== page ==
When it comes to paying off debt, there are various opinions of how to do it. Financial expert Dave Ramsey is famous for his advice of paying off debt on the account with the smallest balance, while expert Suze Orman suggests paying off debt on a highest-interest account first. Who's right? It depends.
Like many financial matters, paying off debt involves a blend of logic and emotion. What method you use depends on your financial circumstances, as well as what motivates you most to stick to a debt payoff plan. Here's a breakdown of debt payoff methods to consider, so you can decide which will work best for you.
Start with snowballing. The “snowball” method of paying off debt is simple. First, set an amount of money you'll put toward your non-mortgage debt. This amount must satisfy the minimum payments due each month but often includes an amount greater than the minimum payment. Stick to making those minimum required payments each billing cycle. Those required payments will decrease as you pay off the debt.
With the snowball effect, you continue to make the same overall payment to your outstanding debts, and your payments remain constant even as your minimum required payment shrinks.
Now the question is which debt should you apply the extra cash to each month? There are several approaches to consider.
The math method. If you behave financially more on numbers than on emotions, you should apply any extra cash to the debt with the highest interest rate. You'll save on total interest paid by knocking out the worst interest-accruing culprits first. This approach is particularly useful if it's going to take years to pay off your debts, as the interest rates will have a substantial impact on your finances.
However, if your interest rates across various accounts are relatively low – or hover right around the same annual percentage rate, even if they're all high – this method may not be the best approach.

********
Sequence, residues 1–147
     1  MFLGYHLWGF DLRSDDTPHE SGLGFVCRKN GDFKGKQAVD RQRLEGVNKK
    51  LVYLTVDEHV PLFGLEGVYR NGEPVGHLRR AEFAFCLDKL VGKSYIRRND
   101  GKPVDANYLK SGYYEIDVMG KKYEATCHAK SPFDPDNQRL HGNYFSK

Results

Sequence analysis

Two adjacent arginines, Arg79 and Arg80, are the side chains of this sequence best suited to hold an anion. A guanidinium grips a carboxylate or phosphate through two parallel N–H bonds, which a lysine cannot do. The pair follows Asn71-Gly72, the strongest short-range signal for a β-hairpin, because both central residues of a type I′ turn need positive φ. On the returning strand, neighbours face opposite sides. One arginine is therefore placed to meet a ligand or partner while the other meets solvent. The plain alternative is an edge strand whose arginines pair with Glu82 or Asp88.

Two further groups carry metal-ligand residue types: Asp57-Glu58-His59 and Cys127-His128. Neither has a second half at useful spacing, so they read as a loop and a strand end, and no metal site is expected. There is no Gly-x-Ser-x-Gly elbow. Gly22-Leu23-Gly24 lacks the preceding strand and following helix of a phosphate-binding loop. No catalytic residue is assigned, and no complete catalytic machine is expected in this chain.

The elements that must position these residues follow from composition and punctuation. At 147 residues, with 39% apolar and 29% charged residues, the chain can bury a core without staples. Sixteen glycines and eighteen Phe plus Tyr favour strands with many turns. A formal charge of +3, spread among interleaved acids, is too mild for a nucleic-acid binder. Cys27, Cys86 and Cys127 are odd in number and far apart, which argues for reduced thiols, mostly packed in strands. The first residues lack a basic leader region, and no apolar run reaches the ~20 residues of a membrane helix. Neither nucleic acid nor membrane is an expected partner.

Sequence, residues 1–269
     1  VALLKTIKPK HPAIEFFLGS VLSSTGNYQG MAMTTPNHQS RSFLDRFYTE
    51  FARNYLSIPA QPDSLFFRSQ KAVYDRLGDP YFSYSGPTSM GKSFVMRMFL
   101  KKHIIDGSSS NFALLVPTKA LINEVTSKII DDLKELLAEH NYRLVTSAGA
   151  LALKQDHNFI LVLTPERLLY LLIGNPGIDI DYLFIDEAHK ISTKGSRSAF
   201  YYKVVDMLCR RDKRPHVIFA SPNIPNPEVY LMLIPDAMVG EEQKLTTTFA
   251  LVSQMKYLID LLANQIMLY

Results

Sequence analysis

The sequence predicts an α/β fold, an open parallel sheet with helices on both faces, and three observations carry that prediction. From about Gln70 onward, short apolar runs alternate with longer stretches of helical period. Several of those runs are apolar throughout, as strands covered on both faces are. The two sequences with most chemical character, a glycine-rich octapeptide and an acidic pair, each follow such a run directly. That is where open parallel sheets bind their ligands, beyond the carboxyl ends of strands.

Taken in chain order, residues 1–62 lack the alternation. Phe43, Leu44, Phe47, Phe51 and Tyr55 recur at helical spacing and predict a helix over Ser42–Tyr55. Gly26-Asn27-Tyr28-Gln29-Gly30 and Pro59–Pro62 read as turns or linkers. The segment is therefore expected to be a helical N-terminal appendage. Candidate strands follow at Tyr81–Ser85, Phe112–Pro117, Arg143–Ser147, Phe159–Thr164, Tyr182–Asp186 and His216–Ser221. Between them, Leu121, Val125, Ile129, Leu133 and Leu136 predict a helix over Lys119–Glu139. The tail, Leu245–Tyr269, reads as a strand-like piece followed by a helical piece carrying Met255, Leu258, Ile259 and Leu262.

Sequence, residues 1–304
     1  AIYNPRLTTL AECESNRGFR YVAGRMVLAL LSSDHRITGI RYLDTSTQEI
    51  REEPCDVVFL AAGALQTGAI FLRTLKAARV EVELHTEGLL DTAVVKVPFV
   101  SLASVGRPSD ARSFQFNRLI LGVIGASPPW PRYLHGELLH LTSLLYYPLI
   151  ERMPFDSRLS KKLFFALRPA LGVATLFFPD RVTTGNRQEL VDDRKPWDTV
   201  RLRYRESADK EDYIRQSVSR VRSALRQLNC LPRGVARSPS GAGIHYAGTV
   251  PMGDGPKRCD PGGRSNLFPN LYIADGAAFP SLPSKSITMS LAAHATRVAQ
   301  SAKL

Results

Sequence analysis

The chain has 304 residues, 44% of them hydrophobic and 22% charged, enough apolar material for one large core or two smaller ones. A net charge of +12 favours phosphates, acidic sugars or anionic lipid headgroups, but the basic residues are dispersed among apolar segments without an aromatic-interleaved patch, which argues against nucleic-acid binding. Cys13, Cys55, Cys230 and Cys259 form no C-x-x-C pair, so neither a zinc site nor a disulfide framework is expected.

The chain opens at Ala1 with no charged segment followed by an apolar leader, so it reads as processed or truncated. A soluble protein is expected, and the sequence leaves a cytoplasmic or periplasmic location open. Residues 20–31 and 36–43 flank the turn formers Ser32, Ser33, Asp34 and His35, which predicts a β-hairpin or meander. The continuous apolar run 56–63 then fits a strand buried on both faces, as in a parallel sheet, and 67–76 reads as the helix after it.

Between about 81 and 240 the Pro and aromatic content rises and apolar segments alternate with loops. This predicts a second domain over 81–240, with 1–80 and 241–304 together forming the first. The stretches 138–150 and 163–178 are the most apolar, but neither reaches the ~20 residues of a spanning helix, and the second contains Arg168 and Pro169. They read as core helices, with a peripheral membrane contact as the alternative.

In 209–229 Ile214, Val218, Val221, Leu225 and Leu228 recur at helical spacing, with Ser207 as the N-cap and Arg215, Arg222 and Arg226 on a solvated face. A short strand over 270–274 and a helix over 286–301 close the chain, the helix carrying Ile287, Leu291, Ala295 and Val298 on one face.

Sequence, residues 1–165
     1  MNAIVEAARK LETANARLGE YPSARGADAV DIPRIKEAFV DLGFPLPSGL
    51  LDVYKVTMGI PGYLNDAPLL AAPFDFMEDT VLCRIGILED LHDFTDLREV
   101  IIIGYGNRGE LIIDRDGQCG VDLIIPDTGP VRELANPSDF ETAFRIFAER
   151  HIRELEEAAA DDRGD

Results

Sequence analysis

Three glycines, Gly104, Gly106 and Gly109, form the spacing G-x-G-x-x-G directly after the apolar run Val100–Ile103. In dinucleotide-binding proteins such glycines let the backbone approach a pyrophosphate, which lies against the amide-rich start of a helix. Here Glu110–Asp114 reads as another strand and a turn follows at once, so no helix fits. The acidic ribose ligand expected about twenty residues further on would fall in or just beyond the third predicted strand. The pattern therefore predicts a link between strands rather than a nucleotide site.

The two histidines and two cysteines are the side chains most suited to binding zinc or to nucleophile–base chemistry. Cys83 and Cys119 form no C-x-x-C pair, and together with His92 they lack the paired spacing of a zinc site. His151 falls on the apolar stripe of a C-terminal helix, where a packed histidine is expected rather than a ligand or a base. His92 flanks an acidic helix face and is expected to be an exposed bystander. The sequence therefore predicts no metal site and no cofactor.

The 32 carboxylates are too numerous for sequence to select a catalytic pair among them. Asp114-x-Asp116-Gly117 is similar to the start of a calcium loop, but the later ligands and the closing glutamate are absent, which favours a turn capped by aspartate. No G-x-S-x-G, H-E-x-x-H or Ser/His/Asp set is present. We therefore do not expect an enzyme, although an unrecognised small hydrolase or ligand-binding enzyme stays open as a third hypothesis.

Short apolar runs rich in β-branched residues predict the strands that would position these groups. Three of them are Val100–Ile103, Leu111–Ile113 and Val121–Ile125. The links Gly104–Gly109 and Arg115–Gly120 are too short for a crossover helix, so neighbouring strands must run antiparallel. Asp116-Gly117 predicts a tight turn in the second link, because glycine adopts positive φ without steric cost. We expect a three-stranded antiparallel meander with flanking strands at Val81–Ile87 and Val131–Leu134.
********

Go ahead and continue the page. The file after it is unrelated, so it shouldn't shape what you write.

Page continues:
The psychology method. Even if you think the math method is right for you, there's something to be said for the psychology method, which entails paying off your smallest debts first. The theory behind this option is that paying off small debts in full gives you a victory that helps keep you going.
If you're feeling overwhelmed by the number of bills with debt you receive each month, starting by paying off the smallest debt may make the most sense. Also, if you can focus enough to pay off your debts in a relatively short amount of time, the higher interest rates on other accounts may not add up to much extra money.
Two other considerations. While the two approaches outlined above are the most popular, two factors to keep in mind are liquidity and credit. As you work to pay off your debt, consider how you'll handle emergencies. While an emergency fund is the best approach, many people mistakenly rely on credit as a source of emergency spending, which only adds to their debt.
If your credit score is a concern, tackling credit card debt that has come close to or reached the card's credit limit may give your score a boost, as your debt utilization ratio – the amount of debt you have compared to the amount of available credit you have – is a key factor in how credit bureaus determine your credit score.